Some people put God’s failure to answer prayer on the requestor. They weren’t seeking to please the Lord, they had unconfessed sin in their life, they prayed with an improper motive or they lacked faith. Your prayer is between you and God. Jesus heals because he is holy, not because those he heals are holy. While being holy is a worthwhile endeavor, it is your faith in God that is of utmost importance. Faith is the act of trusting that God hears, that God cares, and that God is able to act as we have prayed. Jesus asks that we pray with faith and that we trust as we pray. Go to God with your burdens. Be bold when you pray. Trust that God hears your prayers and, in ways you don’t fully understand, God will see you through the situation you face.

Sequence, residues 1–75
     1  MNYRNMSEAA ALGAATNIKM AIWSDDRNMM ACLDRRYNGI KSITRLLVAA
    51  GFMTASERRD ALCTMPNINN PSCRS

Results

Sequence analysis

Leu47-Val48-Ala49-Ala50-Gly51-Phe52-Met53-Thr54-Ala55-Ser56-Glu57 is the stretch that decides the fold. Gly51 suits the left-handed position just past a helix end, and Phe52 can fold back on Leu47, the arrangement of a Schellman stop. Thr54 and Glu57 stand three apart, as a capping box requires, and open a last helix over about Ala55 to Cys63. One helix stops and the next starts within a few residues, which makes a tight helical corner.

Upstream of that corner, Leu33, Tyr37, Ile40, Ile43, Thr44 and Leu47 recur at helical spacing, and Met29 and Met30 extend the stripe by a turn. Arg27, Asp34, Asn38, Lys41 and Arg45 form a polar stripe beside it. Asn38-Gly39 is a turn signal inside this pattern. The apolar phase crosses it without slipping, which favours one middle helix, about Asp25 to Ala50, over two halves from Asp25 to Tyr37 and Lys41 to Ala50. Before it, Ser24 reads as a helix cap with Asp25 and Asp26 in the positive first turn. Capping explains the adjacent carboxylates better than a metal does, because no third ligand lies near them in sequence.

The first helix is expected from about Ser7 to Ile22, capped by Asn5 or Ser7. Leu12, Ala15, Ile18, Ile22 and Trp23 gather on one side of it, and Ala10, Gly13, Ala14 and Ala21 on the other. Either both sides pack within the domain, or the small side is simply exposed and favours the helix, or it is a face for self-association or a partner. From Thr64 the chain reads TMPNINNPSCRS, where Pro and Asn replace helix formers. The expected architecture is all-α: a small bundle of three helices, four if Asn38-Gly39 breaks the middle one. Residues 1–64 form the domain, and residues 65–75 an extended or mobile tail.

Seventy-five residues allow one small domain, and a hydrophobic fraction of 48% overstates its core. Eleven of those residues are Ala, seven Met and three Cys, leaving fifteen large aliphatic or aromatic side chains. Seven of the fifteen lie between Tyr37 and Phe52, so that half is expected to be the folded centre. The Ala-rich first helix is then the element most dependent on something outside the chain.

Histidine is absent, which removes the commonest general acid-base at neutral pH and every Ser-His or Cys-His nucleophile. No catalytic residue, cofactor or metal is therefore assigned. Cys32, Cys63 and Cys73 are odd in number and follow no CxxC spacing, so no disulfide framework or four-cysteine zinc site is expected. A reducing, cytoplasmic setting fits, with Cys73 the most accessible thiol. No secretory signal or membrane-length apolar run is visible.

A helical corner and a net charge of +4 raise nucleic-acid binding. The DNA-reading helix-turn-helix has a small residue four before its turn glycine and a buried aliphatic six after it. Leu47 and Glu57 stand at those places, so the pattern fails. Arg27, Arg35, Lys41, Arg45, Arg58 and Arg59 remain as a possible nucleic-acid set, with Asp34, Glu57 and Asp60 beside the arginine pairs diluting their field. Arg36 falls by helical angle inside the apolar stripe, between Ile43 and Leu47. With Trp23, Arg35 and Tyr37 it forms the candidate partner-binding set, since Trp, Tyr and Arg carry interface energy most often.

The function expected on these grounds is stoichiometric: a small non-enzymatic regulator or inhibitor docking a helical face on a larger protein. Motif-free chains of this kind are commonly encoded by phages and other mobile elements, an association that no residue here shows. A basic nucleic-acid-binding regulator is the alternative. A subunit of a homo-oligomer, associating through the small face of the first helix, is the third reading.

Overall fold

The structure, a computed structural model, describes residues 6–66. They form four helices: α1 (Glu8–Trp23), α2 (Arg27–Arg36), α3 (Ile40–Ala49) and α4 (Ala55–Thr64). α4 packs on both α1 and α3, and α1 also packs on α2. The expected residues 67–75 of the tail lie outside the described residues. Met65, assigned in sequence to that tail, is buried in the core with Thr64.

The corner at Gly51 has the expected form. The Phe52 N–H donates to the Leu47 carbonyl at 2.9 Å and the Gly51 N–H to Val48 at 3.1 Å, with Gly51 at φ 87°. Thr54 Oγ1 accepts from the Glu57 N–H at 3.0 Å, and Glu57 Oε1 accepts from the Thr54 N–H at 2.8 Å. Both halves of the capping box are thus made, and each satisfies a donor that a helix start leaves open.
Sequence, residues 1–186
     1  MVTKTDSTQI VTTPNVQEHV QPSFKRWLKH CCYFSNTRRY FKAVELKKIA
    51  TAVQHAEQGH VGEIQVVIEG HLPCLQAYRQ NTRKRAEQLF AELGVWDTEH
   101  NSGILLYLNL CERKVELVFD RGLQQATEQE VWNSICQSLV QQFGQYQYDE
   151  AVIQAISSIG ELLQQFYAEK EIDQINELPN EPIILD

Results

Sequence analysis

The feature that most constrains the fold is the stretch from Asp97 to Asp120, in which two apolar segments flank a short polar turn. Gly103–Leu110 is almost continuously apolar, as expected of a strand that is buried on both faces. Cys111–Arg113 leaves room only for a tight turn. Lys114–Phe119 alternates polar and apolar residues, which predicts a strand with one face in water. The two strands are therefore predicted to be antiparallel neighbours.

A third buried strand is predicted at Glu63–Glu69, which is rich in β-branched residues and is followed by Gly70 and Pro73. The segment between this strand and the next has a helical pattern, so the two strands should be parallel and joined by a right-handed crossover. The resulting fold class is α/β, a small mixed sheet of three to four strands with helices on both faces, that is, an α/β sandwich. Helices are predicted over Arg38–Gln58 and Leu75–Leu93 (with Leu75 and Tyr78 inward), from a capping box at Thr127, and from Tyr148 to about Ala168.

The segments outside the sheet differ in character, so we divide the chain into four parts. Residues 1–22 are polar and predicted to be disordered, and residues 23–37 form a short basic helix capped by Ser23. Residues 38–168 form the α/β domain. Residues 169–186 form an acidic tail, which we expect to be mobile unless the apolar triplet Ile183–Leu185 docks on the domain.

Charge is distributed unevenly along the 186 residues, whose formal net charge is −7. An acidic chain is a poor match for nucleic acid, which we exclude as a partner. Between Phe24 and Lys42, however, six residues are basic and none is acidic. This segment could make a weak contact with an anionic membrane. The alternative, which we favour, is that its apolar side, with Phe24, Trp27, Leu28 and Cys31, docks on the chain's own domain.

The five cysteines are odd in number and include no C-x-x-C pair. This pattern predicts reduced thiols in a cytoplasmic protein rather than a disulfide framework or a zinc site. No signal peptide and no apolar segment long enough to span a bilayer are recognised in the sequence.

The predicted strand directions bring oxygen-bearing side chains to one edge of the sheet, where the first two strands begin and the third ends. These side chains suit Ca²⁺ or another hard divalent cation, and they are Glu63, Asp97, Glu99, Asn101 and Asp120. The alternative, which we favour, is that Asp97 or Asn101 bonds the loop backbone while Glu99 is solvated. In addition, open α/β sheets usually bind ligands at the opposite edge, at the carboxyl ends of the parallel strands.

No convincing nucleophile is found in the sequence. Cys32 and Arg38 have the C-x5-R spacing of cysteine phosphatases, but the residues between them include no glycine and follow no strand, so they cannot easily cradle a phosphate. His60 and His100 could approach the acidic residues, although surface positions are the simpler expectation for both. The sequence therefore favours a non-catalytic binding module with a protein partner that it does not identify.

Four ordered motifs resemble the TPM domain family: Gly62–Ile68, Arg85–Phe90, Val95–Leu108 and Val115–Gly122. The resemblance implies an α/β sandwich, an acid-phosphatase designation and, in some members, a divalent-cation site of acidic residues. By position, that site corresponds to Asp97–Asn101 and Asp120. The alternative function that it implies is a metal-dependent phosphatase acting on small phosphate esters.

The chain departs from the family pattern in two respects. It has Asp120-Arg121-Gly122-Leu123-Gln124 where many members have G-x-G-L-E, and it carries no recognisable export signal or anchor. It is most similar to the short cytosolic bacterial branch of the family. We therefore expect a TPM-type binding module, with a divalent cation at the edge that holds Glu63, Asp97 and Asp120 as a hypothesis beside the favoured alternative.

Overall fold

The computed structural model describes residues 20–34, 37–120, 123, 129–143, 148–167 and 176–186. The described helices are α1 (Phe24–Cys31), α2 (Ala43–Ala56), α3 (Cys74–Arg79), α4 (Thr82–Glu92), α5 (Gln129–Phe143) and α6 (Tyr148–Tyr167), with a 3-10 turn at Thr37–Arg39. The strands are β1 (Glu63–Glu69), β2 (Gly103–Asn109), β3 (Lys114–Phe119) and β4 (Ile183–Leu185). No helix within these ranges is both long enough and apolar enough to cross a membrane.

God does have three basic responses to prayer. The first is yes. Sometimes we pray for something to occur and God intervenes directly and comes to the rescue. Miracles do happen. However, the miraculous is not God’s ordinary way of answering prayers. God works through people and uses them to be the instruments to work in the lives of others and be an answer to their prayers. Last month I preached a sermon entitled: A Real Godsend which was about how God sends people our way to help us with our problems. If you missed it or don’t remember it you can go to our new website and find it in the sermon section. What God wants is for us to listen to the prompting of the Holy Spirit and then take action to bless, care for and stand up for others. Be the “yes” to someone’s answered prayer.